Canada’s privacy commissioner and the head of the country’s association of chiefs of police both agree the Harper government’s proposed lawful telecom access law needs some fixing.
But commissioner Jennifer Stoddart says Vancouver chief constable Jim Chu is wrong to insist the information behind an Internet subscriber’s IP address – which the proposed Bill C-30 would give law enforcement agencies access to without a warrant – is the same as information police can get from a phone book.
In a letter to editors released Wednesday, Stoddart said the phone book analogy “vastly underestimates what it (an IP address) may reveal about someone. Unlike a phone book, information behind an IP address is not generally publicly available and can unlock doors to much more information about people.”
Stoddart said her office is still looking at the degree of intrusiveness the proposed bill would make available to law enforcement to ensure privacy issues are addressed.
“It is true that law enforcement powers need to be modernized,” the letter says in part, “but so too do the laws that ensure Canadians' privacy rights are fully respected. The Privacy Act, which applies to federal departments and agencies, has not been substantially amended in more than 30 years and, as a result, citizens have little mechanism for redress when things go wrong. The federal private sector privacy law, PIPEDA, is also well overdue for an update.”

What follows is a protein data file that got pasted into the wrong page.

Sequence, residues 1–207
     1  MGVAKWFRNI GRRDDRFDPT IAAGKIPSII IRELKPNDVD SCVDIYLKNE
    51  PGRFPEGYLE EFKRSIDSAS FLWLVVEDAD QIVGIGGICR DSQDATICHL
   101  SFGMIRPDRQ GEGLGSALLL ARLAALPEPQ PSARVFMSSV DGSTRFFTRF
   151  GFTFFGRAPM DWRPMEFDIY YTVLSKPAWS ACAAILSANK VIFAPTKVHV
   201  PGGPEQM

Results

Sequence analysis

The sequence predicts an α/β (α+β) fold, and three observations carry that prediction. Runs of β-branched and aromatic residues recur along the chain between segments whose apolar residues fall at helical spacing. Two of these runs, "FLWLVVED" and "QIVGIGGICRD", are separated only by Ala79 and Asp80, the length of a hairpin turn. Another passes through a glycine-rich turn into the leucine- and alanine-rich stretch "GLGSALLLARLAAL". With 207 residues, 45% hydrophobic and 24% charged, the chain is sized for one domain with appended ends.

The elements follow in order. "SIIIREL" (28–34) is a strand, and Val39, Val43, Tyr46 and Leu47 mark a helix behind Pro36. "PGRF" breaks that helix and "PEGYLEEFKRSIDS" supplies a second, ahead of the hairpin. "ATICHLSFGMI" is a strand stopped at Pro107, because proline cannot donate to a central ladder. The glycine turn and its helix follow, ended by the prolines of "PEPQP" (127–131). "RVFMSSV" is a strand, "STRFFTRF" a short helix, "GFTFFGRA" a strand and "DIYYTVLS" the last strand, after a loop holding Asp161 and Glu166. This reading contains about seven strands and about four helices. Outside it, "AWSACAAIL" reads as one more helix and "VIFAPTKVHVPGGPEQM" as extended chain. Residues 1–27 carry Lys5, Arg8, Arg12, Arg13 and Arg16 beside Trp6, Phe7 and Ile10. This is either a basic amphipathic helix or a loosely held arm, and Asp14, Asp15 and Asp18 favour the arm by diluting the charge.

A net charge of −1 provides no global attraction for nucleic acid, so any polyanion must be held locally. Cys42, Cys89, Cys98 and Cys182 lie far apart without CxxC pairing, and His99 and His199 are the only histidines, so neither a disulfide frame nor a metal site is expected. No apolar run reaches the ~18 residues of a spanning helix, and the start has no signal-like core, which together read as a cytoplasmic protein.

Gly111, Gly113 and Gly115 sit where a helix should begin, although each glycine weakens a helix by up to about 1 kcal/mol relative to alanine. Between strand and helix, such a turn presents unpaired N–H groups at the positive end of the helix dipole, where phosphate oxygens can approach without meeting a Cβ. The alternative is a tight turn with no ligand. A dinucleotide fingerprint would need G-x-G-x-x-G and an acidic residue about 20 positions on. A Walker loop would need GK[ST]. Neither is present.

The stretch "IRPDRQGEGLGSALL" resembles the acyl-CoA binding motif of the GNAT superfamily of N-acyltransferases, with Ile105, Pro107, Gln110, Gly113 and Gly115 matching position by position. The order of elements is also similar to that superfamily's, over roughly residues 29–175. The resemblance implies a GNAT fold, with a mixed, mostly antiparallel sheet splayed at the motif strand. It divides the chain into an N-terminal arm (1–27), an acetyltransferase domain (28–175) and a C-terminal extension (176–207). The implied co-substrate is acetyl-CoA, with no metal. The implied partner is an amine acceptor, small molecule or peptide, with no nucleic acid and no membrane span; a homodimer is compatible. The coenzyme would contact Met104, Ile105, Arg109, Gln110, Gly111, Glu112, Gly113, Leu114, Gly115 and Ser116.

The latest version of the proposed – and often re-written – act was introduced in February.
Proposed ISP access law threat to privacy, say groups
Stoddart’s letter was sent in response to an Oct. 26 news release sent out by Chu
, president of the Canadian Association of Chiefs of Police, renewing law enforcement lobbying for C-30.
Chu’s plea in part is that lawful access legislation has been introduced into the Commons before, only to have it die on the order paper.
“If we don’t take a strong stance on this issue, Canadians will not appreciate the limitations that constrain law enforcement in the cyber world,” the release said. “Law enforcement continues to be handcuffed by legislation introduced in 1975, the days of the rotary phone. Today we allow new technologies to be used as a safe-haven for serious criminal activity, but are pulling back from using technology to prevent and investigate these serious crimes,” Chu said.